That the film was co-written by Damian Lee, the director of Abraxas, Guardian Of The Universe should tell you something. Lee would trade in Copper Mountain for Whistler, British Columbia upon directing 1991’s Ski School, while Carrey, evidently scarred by his Club Med Experience, would not return to the slopes until visiting Aspen in 1994’s Dumb And Dumber.

When I say that I watched Copper Mountain more for Alan Thicke than for Jim Carrey, I am not being sarcastic, nor am I saying it be smugly contrary. The idea of Jim Carrey has always been more appealing to me than its execution; he’s been good in films such as The Truman Show and Man On The Moon, and I still remember staying up as a kid to see him on In Living Color. I love the story of how he promised his dad he’d make it, and then put a million dollar check in his dad’s coffin at his funeral. He has brought some star power to the valuable endeavor of trolling the hell out of Fox News recently, and that’s something. That said, a little of him goes a long way, and even the less-than-an-hour of Reagan-era, extra-earnest Carrey in Copper Mountain fulfills my 2013 quota.

On the other hand, I have never even approached the feeling of Alan Thicke overdose. Growing up, my father used Alan Thicke as an example of someone with a diverse array of talents. You’re welcome to name whatever superior renaissance men you wish, but Thick has acted, hosted talk shows, beauty pageants and other events (a talent of sorts), wrote and produced sitcoms and helped compose two of the greatest TV theme songs of all time.  Even if you didn’t like Growing Pains that much, you had to respect Jason Seaver. Copper Mountain is... not his best work. But it is far from the worst film anyone associated with Growing Pains has ever been in, and Thicke escapes the movie astonishingly unbruised, at least in my biased view.

Of course I’m using the term “movie” loosely. I can only assume this hour-long presentation from 1983 would be shown or sent out on VHS to people interested in going to Club Med’s Copper Mountain resort but unable to imagine a really hackneyed storyline along which their vacation might unfold. This movie can help with that, although that’s about all it’s good for.

Judging by the mostly Canadian cast and crew, this video was either aimed at less-discerning Canadians or intentionally cast with as few Americans as possible to suture the actors’ embarrassment. Situated just west of the Continental Divide in Colorado, the real Copper Mountain is like Aspen, but without the gentrification or the accomplishment of once having allowed Ted Bundy to escape from their county courthouse.  Club Med’s resort seemed like a fine place for its time, but has since closed and been made into resort employee housing.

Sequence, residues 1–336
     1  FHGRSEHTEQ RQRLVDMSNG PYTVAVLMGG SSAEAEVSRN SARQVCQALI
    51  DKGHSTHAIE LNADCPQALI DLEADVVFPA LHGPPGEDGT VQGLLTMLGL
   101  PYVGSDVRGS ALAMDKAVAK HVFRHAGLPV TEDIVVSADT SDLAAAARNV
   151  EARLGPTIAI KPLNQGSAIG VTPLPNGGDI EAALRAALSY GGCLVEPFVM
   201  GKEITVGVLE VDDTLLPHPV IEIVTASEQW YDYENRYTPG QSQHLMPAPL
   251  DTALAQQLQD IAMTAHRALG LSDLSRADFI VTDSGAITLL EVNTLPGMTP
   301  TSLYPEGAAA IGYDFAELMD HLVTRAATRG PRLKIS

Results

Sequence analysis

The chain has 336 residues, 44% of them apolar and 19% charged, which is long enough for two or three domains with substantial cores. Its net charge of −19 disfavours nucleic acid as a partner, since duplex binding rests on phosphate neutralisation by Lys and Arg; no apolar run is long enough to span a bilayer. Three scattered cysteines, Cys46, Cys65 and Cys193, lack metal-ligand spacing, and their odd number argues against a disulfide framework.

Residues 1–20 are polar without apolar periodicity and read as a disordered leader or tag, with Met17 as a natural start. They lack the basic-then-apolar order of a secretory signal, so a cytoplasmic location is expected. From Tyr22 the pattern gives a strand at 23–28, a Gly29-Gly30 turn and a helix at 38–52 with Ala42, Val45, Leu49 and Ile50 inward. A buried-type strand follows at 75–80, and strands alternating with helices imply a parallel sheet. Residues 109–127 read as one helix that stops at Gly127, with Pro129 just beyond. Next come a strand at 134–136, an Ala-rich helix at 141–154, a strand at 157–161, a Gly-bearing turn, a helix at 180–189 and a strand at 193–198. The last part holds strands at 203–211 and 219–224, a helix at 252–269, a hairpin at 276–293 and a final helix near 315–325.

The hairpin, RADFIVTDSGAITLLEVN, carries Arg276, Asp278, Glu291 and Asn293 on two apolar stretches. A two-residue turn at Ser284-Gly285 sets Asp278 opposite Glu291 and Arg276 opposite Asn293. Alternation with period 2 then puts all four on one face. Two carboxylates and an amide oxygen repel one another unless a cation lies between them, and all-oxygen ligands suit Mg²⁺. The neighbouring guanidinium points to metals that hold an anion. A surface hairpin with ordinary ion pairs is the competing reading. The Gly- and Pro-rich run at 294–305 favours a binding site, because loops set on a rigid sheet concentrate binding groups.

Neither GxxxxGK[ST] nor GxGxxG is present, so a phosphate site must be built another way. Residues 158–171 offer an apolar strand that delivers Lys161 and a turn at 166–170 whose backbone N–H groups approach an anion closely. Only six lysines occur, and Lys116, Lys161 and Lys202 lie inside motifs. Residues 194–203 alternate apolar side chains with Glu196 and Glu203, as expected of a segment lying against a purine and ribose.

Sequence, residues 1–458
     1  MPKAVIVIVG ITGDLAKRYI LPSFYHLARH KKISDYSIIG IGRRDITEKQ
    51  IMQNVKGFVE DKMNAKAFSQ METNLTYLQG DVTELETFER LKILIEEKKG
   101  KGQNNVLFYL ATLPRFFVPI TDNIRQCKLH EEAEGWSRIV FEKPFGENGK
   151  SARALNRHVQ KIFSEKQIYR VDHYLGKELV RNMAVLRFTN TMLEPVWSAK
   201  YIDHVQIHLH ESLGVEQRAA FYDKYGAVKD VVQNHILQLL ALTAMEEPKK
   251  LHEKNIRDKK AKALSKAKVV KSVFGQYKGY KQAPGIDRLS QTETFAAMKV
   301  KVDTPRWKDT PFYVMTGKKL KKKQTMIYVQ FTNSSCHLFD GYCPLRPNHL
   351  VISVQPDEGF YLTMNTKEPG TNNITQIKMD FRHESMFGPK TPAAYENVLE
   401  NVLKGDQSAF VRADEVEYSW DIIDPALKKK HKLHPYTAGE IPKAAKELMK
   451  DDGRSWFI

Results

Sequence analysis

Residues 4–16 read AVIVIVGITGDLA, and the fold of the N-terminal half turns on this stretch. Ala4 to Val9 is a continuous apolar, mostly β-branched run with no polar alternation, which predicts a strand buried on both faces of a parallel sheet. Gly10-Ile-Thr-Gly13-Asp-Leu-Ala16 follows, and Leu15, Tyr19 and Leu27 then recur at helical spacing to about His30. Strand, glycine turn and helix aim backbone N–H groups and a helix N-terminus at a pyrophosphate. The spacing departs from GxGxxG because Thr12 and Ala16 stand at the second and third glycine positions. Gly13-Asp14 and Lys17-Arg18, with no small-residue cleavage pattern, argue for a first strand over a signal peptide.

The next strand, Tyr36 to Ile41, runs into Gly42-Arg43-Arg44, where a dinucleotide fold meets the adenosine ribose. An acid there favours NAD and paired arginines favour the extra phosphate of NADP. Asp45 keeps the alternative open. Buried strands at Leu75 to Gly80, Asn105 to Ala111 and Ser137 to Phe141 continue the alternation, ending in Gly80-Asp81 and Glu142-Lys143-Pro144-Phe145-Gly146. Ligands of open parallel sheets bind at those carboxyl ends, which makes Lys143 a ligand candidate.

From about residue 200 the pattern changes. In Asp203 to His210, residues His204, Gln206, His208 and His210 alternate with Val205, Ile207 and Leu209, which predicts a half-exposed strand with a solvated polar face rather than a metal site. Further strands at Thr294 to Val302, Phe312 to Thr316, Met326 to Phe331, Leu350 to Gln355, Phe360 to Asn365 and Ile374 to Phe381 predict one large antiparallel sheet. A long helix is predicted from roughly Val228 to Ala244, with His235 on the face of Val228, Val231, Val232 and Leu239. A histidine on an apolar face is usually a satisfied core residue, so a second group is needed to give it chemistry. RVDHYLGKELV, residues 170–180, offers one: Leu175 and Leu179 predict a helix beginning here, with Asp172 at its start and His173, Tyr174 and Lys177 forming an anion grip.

What little plot there is functions as an excuse for Alan Thicke to show off Copper Mountain’s skiing, for Jim Carrey to build on his repertoire and for some musical performances by semi-famous acts. Carrey and Thicke’s characters are supposed to be close friends, as evidenced by Thicke hailing from Chicago, and Carrey residing in nearby Grimsby, Ontario. Carrey’s character, Bobby Todd, is shy around most people unless he impersonates Steve Martin, Sammy Davis, Jr. and so on. Alan Thicke is Jackson Reach, waterbed salesman and amateur Nordic skier, who travels to Copper Mountain to take part in a lucrative pro-am ski race.  

While Bobby deals with what would now probably be diagnosed as Asperger’s Syndrome through gay panic, Arab-baiting jokes and “accidentally” walking into a women’s sauna, Jackson gets himself into a race with the resort’s bartender, Yogi, who turns out to be really out-of-shape Olympic skier Don Hebron. Yogi, having nothing to prove except for how much fried chicken he could eat in one sitting, gives his spot to Reach, who loses anyway but is grateful for being another step closer to never having to install a hard-sided single chamber waterbed ever again.

Rita Coolidge, who recorded the theme to Octopussy around this time, does some of her well-known covers on-screen.  Meanwhile, Ronnie “The Hawk” Hawkins delivers his beloved (?) brand of American-Canadian rockabilly, and Dan Fouts-lookalike Bill Champlin counters with the type of yacht rock which made him a key addition to the band Chicago. Director Damian Lee plays exposition disguised as Jean-Claude Killy’s helicopter guide. Dick Gautier, who once played a sexist Batman in an ERA-era equal pay PSA is along for the (non-helicopter) ride, and is almost as sexist here.

Neither of these films made me want to learn much more about skiing than what Better Off Dead or the “Asspen” episode of South Park taught me. However, it is nice to know that there is more to skiing than Stan Darsh, Roy Stalin, Rick Reilly saying “I told you so” and Hunter S. Thompson burying the aforementioned Killy where he stood. You may like to ski exponentially more than I do (you probably do), or prefer The Duck Factory to Thicke Of The Night, but The Great Ecstasy of Woodcarver Steiner and Copper Mountain are both worth experiencing at least once. No snow is required.